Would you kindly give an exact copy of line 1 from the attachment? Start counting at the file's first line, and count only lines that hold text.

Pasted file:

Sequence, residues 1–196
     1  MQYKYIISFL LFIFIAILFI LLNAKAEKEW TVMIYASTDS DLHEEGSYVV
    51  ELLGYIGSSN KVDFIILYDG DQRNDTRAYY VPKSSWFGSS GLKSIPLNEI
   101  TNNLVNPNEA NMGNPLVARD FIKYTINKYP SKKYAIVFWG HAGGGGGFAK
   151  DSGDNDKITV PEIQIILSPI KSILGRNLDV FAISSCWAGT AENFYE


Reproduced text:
Sequence, residues 1–196